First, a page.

She summarizes it this way:
If you are wondering how well your homeschool math program is working, pay attention to your children.
If so, then be assured: your children are already miles ahead of most of their peers. Their foundations are solid, and the details will eventually fall into place as you continue to play with mathematical ideas together.
- Do they understand that common sense applies to math?
- Can they give logical reasons for their answers?
- Even when they get confused, do they know that math is nothing to fear?
She also notes her 'yardstick' for measuring math anxiety: if your child does not fear word problems, he/she is not suffering from math anxiety.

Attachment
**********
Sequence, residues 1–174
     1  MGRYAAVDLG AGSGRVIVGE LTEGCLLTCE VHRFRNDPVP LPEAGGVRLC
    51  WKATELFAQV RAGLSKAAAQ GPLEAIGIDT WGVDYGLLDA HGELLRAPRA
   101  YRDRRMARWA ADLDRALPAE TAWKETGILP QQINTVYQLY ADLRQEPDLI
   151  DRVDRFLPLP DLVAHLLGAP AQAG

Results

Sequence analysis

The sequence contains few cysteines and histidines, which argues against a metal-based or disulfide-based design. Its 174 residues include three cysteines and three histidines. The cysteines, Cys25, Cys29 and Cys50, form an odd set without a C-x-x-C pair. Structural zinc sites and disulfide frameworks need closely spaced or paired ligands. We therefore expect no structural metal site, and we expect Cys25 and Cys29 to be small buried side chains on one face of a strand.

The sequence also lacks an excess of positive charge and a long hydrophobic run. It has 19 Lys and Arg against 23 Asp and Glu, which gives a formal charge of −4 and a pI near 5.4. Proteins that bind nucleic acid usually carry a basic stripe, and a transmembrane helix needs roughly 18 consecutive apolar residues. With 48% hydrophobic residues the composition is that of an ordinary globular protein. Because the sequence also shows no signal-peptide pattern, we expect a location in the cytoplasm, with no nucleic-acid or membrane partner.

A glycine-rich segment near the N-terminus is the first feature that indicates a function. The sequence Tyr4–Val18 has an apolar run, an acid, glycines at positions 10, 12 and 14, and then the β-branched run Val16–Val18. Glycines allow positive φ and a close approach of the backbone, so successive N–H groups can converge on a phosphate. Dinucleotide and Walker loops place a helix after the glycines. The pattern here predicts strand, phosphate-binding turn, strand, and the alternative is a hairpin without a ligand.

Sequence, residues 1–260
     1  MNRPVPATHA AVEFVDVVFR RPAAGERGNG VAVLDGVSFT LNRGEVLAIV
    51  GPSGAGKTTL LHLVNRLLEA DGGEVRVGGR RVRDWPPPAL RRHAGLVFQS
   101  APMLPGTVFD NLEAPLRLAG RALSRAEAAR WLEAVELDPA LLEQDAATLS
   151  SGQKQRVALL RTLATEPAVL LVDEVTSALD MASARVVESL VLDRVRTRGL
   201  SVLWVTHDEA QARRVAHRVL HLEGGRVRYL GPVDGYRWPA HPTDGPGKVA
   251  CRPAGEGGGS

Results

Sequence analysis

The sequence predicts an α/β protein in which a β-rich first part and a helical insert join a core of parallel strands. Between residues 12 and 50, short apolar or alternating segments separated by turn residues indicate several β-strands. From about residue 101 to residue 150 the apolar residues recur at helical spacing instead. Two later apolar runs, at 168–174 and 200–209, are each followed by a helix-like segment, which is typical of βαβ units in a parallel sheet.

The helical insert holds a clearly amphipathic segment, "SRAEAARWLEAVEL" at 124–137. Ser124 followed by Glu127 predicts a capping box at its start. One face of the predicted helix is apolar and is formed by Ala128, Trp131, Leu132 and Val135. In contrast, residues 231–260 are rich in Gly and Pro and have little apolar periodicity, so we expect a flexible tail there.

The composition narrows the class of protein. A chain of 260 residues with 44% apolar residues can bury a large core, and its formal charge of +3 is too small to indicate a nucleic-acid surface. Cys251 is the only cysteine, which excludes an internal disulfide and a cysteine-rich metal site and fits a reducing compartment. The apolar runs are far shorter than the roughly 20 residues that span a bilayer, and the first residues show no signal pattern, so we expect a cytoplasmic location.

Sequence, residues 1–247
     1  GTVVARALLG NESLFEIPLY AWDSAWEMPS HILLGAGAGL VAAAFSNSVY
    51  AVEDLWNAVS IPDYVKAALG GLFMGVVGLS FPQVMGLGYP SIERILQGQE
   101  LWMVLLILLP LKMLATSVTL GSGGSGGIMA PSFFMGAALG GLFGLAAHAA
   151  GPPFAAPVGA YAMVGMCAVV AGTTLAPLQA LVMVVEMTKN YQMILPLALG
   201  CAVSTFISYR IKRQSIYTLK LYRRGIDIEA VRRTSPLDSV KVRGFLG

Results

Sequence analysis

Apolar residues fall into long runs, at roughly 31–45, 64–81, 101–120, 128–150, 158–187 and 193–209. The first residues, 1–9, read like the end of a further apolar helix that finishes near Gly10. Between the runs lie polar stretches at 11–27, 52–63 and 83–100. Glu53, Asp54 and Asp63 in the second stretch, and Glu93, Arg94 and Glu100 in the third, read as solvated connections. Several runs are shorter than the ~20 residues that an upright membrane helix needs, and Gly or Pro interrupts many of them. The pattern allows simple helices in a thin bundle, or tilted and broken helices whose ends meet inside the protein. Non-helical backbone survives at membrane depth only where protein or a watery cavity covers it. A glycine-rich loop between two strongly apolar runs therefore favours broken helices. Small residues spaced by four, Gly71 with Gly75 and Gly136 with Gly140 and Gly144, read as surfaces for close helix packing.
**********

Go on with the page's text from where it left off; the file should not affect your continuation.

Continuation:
Photo by wecometolearn
There was a time when my second daughter actually relished word problems and thought they were the BEST part of her math work (it was about 2nd- 3rd grade). Now she said she still enjoys them, but likes mental math problems best (she just started 5th).
When it comes to mental math, I sometimes give myself a little challenge (such as when making an answer key to my books): can I do this problem mentally instead of a calculator? It's not anything I fear - it's enjoyable in a sense.
I feel this is similar to when people do crossword puzzles, solve Sudoku, or even play Freecell: you actually enjoy the mental challenge, right? The same can happen with mental math, or with math in general:- it doesn't have to be something fearful, disgusting, or repulsive -- far from that! : )